Q. Recently a reader complained about irreverent behavior in church prior to Mass, including cellphone use. As part of your response, you stated that cellphone use is always inappropriate. Judging behavior is also ugly behavior, at least as repugnant as irreverence.
I use my cellphone prior to Mass while seated in church. I read the day’s Scriptures along with meditations on those readings from several sources. (I particularly like the daily reflections from the University of Notre Dame and from the Jesuit community.) I will continue this practice despite anyone’s misplaced judgments. (City of origin withheld)
Q. I take issue with your recent comments on cellphone usage in church, as appeared in your column in Our Sunday Visitor. I fully agree with the inappropriateness of talking or texting before, during or even after the service is over.
However, using the Laudate app, I read the daily Scriptures, the Loreto Litany (after saying the rosary) and a number of other prayers before Mass. It never really occurred to me that what I do quietly on my cellphone is offensive to others. (Lawrenceville, Illinois)
A. The letters above are indicative of those that arrive each week in response to this column. (Did you notice — as I did — a slight difference in tone between the two letters?) Such letters are valuable, serving to fill out my own answers and offering observations that cannot be included in a few short paragraphs.
The original question had complained about people talking and laughing on cellphones — or texting — before Mass (in fact, during exposition of the Blessed Sacrament). I did offer my own view that “the use of cellphones is never proper in church — whether to speak or to text.”
I neglected to mention that there are some legitimate and laudable uses that involve neither speaking nor texting — most notably, to reflect on the Scriptures or to read prayers in preparation for the Eucharist. So, a mea culpa from me and a thank-you to those who responded.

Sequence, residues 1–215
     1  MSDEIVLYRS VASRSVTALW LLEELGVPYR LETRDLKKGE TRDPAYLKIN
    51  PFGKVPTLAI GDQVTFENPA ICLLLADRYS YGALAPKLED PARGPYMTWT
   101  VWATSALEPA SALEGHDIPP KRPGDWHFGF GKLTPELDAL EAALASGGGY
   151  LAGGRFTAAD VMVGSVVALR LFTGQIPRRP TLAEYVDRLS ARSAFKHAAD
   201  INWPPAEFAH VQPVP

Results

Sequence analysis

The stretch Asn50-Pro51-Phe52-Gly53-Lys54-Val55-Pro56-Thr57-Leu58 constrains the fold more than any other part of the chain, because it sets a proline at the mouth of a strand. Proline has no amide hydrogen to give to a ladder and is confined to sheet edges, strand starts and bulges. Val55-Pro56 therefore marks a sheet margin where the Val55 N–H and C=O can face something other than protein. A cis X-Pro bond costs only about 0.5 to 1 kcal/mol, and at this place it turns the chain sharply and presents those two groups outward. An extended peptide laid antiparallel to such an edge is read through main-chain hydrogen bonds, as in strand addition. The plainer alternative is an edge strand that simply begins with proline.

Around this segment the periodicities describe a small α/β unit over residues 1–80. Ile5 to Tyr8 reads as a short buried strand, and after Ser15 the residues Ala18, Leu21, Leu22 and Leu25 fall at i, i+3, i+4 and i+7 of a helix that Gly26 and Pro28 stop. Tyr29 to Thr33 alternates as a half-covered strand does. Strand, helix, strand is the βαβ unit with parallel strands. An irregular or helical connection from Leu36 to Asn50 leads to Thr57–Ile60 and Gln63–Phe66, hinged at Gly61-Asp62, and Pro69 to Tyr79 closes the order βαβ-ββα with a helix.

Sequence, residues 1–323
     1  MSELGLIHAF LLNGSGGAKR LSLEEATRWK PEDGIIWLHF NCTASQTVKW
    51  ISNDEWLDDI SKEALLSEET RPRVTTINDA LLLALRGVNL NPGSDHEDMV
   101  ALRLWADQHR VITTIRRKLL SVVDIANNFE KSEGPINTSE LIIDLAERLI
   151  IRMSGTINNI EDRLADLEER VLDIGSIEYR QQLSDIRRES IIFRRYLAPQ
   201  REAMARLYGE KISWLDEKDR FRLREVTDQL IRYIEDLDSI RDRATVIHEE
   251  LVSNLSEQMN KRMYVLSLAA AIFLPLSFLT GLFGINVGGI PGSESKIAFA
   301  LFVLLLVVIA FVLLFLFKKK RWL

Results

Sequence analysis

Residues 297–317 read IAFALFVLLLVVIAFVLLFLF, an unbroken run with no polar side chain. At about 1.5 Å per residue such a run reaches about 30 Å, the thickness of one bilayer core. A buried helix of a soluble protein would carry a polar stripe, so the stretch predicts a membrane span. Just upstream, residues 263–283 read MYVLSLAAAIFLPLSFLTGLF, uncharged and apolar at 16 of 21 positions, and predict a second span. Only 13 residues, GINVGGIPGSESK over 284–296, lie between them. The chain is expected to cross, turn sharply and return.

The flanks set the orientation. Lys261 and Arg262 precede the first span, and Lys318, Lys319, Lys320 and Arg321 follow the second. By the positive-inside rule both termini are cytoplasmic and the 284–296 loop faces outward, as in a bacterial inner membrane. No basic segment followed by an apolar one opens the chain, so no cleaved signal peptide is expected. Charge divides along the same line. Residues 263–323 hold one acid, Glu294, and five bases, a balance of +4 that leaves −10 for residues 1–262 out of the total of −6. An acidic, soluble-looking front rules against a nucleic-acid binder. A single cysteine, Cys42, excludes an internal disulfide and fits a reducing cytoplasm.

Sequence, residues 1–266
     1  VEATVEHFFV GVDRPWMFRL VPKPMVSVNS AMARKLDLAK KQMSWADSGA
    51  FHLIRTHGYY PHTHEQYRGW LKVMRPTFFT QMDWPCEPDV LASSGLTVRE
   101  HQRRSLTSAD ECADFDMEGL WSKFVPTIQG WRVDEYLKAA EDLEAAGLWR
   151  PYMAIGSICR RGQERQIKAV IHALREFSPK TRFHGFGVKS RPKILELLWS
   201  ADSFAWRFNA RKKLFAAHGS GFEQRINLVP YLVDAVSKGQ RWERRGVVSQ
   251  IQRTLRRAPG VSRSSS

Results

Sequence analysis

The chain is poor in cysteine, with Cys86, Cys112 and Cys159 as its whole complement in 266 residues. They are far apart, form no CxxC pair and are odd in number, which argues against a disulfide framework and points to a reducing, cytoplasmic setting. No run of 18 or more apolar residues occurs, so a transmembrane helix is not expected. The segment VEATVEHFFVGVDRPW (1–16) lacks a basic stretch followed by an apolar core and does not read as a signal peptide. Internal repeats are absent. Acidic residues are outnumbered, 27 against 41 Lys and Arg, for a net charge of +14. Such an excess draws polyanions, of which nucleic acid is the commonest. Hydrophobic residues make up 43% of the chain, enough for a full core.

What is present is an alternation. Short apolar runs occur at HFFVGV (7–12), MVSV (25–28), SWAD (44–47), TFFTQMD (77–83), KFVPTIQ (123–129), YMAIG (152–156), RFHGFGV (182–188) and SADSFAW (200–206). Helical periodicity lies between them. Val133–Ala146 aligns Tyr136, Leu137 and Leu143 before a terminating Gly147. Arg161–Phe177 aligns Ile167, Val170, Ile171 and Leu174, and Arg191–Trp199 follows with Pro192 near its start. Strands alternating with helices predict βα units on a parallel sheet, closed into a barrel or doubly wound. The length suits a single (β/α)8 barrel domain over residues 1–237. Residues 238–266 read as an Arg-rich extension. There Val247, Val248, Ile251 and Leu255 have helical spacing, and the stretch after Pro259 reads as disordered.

Q. Can priests baptize someone if they are in the state of mortal sin? My daughter was baptized by our parish priest in the 1980s. A few months later, he committed suicide. The reason given was that he was being accused of sexual abuse.
If that was true, was he allowed to baptize? And is my daughter legitimately baptized, or does she need a new baptism? (Manassas, Virginia)
A. The church has always taught that the validity of a sacrament does not depend on the state of soul of the human minister. (The technical theological language is that the sacraments act “ex opere operato” — i.e., from the very fact of the action’s having been performed.) With every sacrament, Jesus Christ is the principal actor, even when the minister is unworthy.
The Catechism of the Catholic Church expresses it this way: “From the moment that a sacrament is celebrated in accordance with the intention of the church, the power of Christ and his Spirit acts in and through it, independently of the personal holiness of the minister” (No. 1128).
That having been said, a priest of course must strive always to remain in the state of grace so that he may be a worthy representative of Christ, in whose person he acts in conferring a sacrament.
So, to answer your question: Your daughter was validly baptized and no “re-baptism” needs to take place. What you could do, though, is to offer a prayer or two for the priest who baptized her.
Had the priest been guilty of sexual abuse, it could be that he had confessed the sin and been forgiven long before he baptized your daughter. Still, though, he was deeply troubled — as the suicide would indicate — and could profit from your prayers.
(I should mention, too, that — in contrast to the practice a generation or two back — the church now celebrates a funeral Mass in church for someone who takes his own life; the thinking is that the person may well have been so disturbed as to mitigate somewhat his own moral responsibility.)
Questions may be sent to Father Kenneth Doyle at email@example.com and 30 Columbia Circle Dr., Albany, New York 12203.